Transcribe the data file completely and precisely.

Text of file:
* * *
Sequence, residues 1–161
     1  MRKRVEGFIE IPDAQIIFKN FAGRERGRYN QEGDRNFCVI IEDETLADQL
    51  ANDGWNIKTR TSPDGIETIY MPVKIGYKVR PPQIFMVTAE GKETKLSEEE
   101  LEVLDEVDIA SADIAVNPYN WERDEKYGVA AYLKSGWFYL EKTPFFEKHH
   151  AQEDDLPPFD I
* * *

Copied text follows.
Sequence, residues 1–161
     1  MRKRVEGFIE IPDAQIIFKN FAGRERGRYN QEGDRNFCVI IEDETLADQL
    51  ANDGWNIKTR TSPDGIETIY MPVKIGYKVR PPQIFMVTAE GKETKLSEEE
   101  LEVLDEVDIA SADIAVNPYN WERDEKYGVA AYLKSGWFYL EKTPFFEKHH
   151  AQEDDLPPFD I